Christopher Timothy, 68, played James Herriot in the TV series 'All Creatures Great and Small', and Dr Brendan "Mac" McGuire in 'Doctors'. He is touring in Alan Ayckbourn's 'Tons of Money', at the Festival Theatre, Malvern to Saturday, and Richmond Theatre next week
My dad was the original announcer on The Goon Show. During my young years, he wasn't around much, due to the war and my parents being separated. He read law and was sent down, became a clergyman and was defrocked because of the divorce, and became a BBC announcer. I was born in Bala, North Wales, and was sent to a private tutor. I seem to remember walking to the tutor by myself at the age of four – and sometimes going into a church school on the way and being allowed to stay until someone noticed.
At the end of the war, we moved to London, and at five I went to a private school called Norland Place in Holland Park, west London. I remember not liking my times tables; I now don't know them, apart from the obvious ones like five sixes, which are, er... At eight or nine, I went to St David's School in Gloucester Road. I didn't do any acting there, but it was during this period, 1945-1950, that I decided to be an actor. I saw Annie Get Your Gun, Peter Pan and a musical with lots of cannons on stage. I also started going to the cinema, and I remember being aware of the effect a close-up had on an audience – it was in The Blue Lamp, in which Dirk Bogarde shoots Dixon of Dock Green. I thought, "I'd like to be able to create that effect".
We went back to Bala in the early Fifties, and I was a boarder at a prep school, Kingsland Grange. I remember breaking a billiard cue over the head of a prefect who was bullying my brother. I worked quite hard – you didn't have any alternative. A few years ago, I went back to present the end-of-year prizes and as I handed over the cup for English, I saw my name among the winners. I'd won it in 1953. There had been a choice of topics and I did "Magic"; I interpreted it as "the magic of showbiz", about which I knew nothing.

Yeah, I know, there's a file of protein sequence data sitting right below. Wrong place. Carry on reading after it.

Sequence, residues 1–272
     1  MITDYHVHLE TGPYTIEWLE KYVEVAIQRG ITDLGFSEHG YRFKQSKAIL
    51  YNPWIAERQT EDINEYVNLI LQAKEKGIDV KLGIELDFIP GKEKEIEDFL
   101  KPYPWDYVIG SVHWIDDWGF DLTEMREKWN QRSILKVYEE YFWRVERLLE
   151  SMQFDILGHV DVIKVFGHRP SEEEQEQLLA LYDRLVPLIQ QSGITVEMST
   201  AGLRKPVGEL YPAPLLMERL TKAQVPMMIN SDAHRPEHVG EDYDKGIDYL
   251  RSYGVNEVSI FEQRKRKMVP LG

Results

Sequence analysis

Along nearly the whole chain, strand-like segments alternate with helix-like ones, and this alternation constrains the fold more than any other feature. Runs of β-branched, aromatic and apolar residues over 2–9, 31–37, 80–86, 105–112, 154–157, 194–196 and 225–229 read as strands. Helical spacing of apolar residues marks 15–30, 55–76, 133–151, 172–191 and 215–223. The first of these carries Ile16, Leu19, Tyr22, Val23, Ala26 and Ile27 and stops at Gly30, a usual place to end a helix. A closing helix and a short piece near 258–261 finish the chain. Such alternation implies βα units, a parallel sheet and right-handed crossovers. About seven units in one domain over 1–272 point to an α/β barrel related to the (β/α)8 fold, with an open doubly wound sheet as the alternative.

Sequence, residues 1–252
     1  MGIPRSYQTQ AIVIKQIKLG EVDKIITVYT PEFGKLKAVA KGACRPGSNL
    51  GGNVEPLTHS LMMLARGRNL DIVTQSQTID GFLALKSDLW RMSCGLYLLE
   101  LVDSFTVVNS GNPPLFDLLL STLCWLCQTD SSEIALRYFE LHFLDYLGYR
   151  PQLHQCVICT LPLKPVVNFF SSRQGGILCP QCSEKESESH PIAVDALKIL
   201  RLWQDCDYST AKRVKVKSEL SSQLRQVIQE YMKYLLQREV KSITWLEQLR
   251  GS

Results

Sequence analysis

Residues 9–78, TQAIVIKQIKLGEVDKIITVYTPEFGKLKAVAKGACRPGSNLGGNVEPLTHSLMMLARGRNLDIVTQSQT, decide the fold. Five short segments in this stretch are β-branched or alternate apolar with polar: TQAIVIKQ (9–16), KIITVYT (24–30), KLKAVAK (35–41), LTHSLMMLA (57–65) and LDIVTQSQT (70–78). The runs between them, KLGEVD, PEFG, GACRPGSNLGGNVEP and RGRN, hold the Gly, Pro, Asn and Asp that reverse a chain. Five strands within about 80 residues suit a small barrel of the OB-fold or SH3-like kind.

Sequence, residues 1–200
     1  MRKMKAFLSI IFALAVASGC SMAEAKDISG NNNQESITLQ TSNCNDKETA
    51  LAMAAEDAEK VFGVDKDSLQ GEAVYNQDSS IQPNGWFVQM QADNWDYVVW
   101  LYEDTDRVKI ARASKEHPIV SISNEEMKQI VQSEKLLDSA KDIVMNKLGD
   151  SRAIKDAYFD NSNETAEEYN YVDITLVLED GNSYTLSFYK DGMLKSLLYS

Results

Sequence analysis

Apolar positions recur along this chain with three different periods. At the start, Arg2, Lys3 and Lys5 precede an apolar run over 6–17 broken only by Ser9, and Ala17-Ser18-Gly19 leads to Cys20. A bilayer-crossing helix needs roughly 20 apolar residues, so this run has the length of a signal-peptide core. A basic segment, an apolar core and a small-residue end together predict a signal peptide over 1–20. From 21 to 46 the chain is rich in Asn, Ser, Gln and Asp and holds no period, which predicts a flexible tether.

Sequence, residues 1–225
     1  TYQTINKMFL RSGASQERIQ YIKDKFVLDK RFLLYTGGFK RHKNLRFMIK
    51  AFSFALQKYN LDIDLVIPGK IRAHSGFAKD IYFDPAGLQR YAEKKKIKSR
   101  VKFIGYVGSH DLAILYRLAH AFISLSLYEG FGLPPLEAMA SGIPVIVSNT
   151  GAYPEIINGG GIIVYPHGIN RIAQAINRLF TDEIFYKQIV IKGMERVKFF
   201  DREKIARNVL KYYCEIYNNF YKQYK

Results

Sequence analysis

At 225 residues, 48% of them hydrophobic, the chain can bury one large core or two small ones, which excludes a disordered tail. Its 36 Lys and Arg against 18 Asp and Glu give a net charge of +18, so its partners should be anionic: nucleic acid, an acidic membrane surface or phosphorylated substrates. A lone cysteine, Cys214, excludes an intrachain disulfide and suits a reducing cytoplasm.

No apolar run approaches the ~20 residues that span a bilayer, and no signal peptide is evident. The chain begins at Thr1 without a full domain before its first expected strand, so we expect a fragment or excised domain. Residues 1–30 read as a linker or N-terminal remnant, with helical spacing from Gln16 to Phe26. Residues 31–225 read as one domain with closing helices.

I wasted my four years at Priory Grammar school in Shrewsbury. The headmaster grossly disapproved of me, and I think that, somewhere along the line, he was right. I didn't behave well. I remember being caned by a prefect, and being angry that this should be allowed. I did enjoy English – I was good at it, and was disappointed to only scrape through the O-level – and acting, which I wanted to be good at. The plays were directed by the English master, Nicholas Dunne. I remember enjoying my debut in a girl's part in Ben Jonson's Eastward Ho!. Finally, I played the Second Gravedigger in Hamlet. The First Gravedigger pissed around with the text, and, as I had a ginger wig, introduced a new line: "Ginger, you're barmy."
A lot of people went to posh universities, but I left at 17 to work for three years at Frank Newton's Gentleman's Outfitters in Shrewsbury, where I gained a professional qualification in how to measure a suit. My boss said, not unkindly, "Why don't you concentrate on gent's outfitting and do amateur acting? Otherwise you'll spend the rest of your life skiving drinks off other out-of-work actors."
I spent three years at Central School of Speech and Drama in London, which I enjoyed very much. At school, Nicholas Dunne had once said to me, "We'll get you to the Old Vic if it kills us," and I did get to the Old Vic. Mine were parts of no consequence – spear-carriers and the like – but at least they were with the National Theatre, under the auspices of Laurence Olivier.
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